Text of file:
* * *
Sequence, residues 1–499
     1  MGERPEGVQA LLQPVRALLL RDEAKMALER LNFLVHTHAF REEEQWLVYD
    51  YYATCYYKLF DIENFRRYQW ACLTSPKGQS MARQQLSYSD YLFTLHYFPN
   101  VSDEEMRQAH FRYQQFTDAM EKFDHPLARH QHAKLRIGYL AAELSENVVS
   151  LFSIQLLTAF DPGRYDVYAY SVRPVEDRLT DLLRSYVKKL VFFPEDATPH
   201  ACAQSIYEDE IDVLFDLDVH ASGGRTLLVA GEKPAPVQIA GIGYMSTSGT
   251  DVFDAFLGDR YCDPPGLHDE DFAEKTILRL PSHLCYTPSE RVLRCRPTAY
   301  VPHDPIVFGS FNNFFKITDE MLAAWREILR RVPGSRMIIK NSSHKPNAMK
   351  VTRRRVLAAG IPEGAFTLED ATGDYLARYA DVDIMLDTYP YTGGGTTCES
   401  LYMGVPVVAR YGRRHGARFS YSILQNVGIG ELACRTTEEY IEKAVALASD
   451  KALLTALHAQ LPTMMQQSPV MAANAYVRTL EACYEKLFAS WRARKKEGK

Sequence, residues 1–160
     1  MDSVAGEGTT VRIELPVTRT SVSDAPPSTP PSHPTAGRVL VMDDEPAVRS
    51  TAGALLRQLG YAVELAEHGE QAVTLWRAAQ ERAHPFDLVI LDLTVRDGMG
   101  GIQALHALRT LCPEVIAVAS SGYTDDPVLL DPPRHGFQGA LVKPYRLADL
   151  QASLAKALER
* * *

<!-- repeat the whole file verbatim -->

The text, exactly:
Sequence, residues 1–499
     1  MGERPEGVQA LLQPVRALLL RDEAKMALER LNFLVHTHAF REEEQWLVYD
    51  YYATCYYKLF DIENFRRYQW ACLTSPKGQS MARQQLSYSD YLFTLHYFPN
   101  VSDEEMRQAH FRYQQFTDAM EKFDHPLARH QHAKLRIGYL AAELSENVVS
   151  LFSIQLLTAF DPGRYDVYAY SVRPVEDRLT DLLRSYVKKL VFFPEDATPH
   201  ACAQSIYEDE IDVLFDLDVH ASGGRTLLVA GEKPAPVQIA GIGYMSTSGT
   251  DVFDAFLGDR YCDPPGLHDE DFAEKTILRL PSHLCYTPSE RVLRCRPTAY
   301  VPHDPIVFGS FNNFFKITDE MLAAWREILR RVPGSRMIIK NSSHKPNAMK
   351  VTRRRVLAAG IPEGAFTLED ATGDYLARYA DVDIMLDTYP YTGGGTTCES
   401  LYMGVPVVAR YGRRHGARFS YSILQNVGIG ELACRTTEEY IEKAVALASD
   451  KALLTALHAQ LPTMMQQSPV MAANAYVRTL EACYEKLFAS WRARKKEGK

Sequence, residues 1–160
     1  MDSVAGEGTT VRIELPVTRT SVSDAPPSTP PSHPTAGRVL VMDDEPAVRS
    51  TAGALLRQLG YAVELAEHGE QAVTLWRAAQ ERAHPFDLVI LDLTVRDGMG
   101  GIQALHALRT LCPEVIAVAS SGYTDDPVLL DPPRHGFQGA LVKPYRLADL
   151  QASLAKALER